By Jamie Gier, Chief Marketing Officer, SCI Solutions
A recent article on health system marketing spend in the U.S. cited a 2009 survey by the Society for Healthcare Strategy and Market Development, and stated that “the average marketing budget for an American hospital ranged from $1.3 million for an independent hospital to about $5.8 million for a big health system.” What is remarkable about this is that after activating clever marketing strategies to attract new patients, many hospitals lose them due to bad customer service. What’s worse is that some patients don’t even make it to this point – they experience barriers to entering the health system during the patient access process, making the money that was spent up to that point a complete waste.
As I thought about my own 2015 marketing budget, I contemplated the ways that I could best allocate my dollars – but maybe more importantly, give our customers a good experience that perpetuates their loyalty to our company. This area is something I believe many health systems must better navigate, particularly in this new era wherein they are losing revenue to declining inpatient volumes and need to not only better attract patients and partners, but also retain these people, too – in order to bolster the economic health of their business.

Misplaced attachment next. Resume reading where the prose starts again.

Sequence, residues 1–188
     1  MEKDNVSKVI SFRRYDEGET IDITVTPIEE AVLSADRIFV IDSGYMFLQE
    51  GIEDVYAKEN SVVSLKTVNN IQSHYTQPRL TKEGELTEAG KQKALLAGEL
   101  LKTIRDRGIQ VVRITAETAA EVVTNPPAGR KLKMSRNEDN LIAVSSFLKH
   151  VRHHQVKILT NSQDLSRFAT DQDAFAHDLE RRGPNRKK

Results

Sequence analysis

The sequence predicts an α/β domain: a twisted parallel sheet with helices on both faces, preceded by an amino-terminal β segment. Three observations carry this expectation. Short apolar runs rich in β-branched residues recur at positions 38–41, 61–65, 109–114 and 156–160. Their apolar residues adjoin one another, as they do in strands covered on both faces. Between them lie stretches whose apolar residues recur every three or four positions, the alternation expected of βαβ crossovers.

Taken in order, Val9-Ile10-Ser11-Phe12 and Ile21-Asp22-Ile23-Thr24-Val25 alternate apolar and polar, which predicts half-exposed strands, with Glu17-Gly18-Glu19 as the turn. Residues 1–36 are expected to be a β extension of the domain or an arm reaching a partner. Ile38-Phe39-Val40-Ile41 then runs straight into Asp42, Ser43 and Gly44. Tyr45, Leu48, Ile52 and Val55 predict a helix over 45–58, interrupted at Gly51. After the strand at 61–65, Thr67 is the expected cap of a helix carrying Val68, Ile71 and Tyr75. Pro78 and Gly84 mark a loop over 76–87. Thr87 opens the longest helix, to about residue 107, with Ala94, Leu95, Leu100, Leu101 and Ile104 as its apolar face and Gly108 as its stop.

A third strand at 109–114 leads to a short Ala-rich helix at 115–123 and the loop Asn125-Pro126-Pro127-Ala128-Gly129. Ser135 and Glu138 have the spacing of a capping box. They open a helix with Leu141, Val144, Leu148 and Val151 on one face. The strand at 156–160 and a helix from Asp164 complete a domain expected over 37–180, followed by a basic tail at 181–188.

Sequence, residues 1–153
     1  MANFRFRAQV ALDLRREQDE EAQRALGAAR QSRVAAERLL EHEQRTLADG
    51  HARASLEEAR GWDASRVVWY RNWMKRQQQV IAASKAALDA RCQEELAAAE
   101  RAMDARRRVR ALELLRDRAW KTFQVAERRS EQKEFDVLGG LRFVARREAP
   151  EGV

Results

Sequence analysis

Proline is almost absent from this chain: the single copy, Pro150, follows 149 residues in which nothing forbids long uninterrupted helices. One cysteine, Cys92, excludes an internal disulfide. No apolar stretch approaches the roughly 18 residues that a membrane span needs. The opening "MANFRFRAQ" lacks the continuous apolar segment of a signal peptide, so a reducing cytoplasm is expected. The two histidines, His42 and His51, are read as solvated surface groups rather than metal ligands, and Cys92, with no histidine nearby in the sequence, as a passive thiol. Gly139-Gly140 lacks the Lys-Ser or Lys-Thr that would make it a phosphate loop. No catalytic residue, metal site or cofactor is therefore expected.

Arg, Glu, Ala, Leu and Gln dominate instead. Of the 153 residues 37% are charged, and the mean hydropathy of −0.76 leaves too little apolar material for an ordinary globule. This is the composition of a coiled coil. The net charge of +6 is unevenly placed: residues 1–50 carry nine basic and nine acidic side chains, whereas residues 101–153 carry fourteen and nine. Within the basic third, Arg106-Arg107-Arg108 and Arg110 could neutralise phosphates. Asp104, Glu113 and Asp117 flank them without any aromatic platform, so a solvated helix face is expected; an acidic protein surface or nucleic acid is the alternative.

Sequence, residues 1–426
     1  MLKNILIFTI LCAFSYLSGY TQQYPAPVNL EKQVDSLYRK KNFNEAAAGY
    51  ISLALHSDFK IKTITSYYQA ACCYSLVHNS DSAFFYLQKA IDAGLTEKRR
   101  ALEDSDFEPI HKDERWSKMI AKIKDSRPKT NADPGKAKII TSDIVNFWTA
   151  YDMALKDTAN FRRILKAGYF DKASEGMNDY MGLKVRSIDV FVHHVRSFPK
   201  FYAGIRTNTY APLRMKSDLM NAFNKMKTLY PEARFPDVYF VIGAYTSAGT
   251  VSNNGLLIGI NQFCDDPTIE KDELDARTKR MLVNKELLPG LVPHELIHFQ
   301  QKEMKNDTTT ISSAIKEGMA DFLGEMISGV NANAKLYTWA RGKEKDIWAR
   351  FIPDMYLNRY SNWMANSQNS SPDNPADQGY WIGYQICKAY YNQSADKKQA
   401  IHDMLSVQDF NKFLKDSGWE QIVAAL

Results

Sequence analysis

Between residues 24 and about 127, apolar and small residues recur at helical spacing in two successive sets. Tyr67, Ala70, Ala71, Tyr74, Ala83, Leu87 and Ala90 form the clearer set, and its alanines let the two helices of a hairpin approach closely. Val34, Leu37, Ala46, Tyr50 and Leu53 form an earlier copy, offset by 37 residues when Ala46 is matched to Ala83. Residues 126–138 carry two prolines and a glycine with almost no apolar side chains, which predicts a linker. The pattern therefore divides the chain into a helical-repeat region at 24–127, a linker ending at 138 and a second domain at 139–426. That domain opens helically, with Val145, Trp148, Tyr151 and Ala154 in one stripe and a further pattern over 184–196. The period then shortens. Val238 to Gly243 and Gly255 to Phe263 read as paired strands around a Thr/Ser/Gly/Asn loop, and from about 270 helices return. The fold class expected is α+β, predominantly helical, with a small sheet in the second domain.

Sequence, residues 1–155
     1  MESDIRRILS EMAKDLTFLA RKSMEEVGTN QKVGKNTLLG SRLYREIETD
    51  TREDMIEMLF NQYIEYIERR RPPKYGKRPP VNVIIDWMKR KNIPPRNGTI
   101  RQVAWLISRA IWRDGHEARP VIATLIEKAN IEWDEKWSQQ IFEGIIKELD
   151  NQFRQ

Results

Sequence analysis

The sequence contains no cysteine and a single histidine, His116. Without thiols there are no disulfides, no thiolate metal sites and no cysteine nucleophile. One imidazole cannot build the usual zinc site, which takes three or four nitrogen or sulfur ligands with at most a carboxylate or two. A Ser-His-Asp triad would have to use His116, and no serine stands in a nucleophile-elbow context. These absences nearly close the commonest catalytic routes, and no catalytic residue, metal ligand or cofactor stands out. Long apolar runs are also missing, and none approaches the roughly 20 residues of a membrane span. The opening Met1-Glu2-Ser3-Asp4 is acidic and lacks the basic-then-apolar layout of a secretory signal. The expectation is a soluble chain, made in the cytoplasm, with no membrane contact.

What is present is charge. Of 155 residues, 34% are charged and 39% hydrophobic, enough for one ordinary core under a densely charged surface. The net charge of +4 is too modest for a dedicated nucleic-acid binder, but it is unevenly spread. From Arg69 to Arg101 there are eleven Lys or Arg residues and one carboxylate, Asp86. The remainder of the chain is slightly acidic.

I recently wrote an article touching on this topic in Becker’s Hospital Review, outlining the ways in which Chief Marketing Officers (CMOs) and the patient access departments of health systems must align efforts more closely, making marketing dollars work harder and last longer, to actually bring patients into the system. The article also explores how these considerable investments are thrown away when health systems don’t make it easy for patients and other stakeholders to do business with them – or get premium value for what they purchase. The article explores the ways health systems can extend collaboration to drive ROI – and also apply new technologies, tools and strategies to close the patient access gap, improving overall satisfaction for patients and bolstering revenue for health systems. For a fraction of what CMOs spend monthly to attract patients, hospitals can implement these new practices in order to help them admit new patients, and keep them loyal to their network.